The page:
Jo Jo Harder find inspiration in an unusual place — from her canine companion, Romeo.
Christina Britton Conroy usually writes her stories to music — and considers film composers her gods.
Betty J. Lafferty shares tips on how to find inspiration — and how to honor words.
Patricia Daly-Lipe writes that “a memoir is how you remember your own life” — and encourages all writers to inspire others with their stories.
Rosemary Barkes began a writing career at 64 — and had to learn how to maintain a good story flow.
Ronni Miller has always “started a story or a novel with some incident, sight, feeling, or momentary flash of insight” — she’s hooked and wants to find out more.
How does a gal like Barbara Blackburn — from east of the Mississippi — end up as a Western cookery specialist? Being a writer who loves to cook helps.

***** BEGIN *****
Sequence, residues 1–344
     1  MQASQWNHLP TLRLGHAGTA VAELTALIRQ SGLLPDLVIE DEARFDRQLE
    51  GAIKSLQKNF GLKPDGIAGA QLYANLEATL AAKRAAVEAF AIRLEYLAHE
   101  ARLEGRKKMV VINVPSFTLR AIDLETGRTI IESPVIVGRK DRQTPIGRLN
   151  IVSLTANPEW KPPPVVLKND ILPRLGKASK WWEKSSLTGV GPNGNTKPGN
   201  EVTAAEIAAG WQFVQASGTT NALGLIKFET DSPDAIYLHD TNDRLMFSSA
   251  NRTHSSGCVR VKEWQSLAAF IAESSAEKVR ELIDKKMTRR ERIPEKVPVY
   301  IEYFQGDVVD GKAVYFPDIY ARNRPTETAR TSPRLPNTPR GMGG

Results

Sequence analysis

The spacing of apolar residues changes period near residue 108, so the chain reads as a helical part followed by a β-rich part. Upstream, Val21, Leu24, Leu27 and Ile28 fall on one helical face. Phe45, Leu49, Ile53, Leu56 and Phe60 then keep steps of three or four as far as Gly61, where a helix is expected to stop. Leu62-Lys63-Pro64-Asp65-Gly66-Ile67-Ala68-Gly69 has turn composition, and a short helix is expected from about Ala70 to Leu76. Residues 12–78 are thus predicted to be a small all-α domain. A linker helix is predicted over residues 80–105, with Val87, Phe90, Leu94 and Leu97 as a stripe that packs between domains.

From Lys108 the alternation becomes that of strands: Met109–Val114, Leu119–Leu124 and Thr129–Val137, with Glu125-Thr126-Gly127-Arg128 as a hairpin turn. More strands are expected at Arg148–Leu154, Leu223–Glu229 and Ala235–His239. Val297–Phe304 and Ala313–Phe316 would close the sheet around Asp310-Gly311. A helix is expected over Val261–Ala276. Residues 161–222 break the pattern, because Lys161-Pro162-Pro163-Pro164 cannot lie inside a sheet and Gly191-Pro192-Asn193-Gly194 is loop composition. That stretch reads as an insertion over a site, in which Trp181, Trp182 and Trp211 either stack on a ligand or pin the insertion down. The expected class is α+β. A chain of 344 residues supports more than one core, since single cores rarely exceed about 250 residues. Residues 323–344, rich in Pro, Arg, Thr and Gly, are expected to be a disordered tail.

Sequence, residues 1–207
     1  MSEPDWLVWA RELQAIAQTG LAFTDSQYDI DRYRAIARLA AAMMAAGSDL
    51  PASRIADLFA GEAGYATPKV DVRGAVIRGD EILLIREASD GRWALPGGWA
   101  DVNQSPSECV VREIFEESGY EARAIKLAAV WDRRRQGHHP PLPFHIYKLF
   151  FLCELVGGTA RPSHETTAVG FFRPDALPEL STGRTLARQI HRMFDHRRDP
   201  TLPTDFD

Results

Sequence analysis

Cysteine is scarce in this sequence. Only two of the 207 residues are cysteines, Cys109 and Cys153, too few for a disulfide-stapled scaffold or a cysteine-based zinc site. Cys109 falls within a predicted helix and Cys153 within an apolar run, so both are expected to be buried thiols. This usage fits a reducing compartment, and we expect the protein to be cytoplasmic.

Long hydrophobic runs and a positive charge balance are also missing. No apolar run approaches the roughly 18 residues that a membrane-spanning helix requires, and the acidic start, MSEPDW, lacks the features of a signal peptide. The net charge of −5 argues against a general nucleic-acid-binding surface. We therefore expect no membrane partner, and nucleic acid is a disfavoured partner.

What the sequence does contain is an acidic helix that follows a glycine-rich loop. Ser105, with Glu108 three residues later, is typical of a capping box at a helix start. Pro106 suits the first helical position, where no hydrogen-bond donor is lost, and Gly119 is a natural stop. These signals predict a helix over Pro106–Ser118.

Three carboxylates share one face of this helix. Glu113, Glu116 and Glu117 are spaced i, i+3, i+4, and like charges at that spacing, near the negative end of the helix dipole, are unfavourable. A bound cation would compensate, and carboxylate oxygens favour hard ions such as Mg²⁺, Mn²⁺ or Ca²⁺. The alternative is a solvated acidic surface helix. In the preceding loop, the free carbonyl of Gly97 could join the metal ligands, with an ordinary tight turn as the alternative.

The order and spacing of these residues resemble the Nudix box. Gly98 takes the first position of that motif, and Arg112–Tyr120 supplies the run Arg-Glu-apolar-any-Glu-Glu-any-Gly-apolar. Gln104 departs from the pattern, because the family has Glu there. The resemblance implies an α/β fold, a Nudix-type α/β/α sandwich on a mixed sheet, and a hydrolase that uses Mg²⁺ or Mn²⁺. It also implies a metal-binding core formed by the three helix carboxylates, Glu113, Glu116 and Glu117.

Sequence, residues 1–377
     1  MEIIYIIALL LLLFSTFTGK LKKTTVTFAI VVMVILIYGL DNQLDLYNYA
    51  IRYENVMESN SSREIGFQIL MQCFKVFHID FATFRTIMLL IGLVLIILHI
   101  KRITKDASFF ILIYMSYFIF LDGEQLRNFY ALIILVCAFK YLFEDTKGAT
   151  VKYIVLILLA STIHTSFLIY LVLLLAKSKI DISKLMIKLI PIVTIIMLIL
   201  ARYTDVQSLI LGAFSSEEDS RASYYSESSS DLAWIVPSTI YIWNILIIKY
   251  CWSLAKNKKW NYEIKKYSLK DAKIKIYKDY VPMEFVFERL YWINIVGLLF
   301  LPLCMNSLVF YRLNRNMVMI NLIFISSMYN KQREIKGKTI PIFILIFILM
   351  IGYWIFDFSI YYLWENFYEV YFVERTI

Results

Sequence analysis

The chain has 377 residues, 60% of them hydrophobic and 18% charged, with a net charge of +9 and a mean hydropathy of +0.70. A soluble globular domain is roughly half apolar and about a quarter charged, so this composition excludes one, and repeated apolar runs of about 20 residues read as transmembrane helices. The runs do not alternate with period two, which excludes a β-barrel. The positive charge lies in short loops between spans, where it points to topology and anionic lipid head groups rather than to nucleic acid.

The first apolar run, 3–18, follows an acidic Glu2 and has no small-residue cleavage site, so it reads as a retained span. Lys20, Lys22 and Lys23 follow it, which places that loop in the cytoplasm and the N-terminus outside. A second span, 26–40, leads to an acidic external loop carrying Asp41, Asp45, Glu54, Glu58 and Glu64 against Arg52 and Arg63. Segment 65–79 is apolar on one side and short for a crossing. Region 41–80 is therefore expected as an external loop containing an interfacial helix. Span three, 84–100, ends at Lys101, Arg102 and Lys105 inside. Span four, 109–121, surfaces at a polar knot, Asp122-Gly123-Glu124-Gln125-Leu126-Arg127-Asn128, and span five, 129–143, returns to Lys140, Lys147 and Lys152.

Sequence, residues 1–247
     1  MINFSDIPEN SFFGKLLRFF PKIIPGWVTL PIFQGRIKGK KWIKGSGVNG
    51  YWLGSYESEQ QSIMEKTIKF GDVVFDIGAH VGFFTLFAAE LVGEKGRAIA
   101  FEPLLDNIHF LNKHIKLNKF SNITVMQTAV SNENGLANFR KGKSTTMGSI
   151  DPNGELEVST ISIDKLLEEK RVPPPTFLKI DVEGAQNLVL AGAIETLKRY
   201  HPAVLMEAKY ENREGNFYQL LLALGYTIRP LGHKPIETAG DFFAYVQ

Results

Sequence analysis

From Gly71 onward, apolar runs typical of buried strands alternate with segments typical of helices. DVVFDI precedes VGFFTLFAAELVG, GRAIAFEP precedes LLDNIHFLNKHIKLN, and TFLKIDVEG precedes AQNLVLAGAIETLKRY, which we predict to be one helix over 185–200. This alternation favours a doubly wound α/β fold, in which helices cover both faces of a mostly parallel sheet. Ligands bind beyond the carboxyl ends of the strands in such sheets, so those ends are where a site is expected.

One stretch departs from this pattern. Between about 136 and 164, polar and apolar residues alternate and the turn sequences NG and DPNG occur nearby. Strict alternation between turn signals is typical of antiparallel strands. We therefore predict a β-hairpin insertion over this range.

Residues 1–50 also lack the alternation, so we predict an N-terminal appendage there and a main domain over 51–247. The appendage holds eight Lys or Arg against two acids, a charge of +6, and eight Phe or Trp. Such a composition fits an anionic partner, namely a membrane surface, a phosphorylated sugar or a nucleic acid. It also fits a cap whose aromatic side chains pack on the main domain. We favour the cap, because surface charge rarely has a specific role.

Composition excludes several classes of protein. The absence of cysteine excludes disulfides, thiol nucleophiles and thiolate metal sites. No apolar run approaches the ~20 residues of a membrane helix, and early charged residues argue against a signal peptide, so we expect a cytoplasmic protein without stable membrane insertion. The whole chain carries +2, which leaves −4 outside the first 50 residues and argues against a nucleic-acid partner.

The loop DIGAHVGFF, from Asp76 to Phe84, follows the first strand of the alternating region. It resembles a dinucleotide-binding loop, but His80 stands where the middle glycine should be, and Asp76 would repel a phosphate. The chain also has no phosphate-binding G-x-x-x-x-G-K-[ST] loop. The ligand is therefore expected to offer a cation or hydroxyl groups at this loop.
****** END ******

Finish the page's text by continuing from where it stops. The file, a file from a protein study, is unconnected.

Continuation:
Susan S. Buzzi believes inspiration is everywhere — “and if we are open, it will find us.” She uses a simple approach to writing that’s become a ritual.
For Donna DeLeo Bruno, a book started with a friendship. But it would be many years before her friend opened up about her childhood experiences in Nazi Belgium.
Donna Puglisi always carries notepads and pens wherever she goes — she doesn’t know “when a thought will come, an inspiration, an observation of human behavior, something someone said.”
For Louise Webb, it all started when she and Richard Simmons saved her roommate’s life. The second interview, with Truman Capote, was certainly memorable — and made all the future celebrity interviews easy.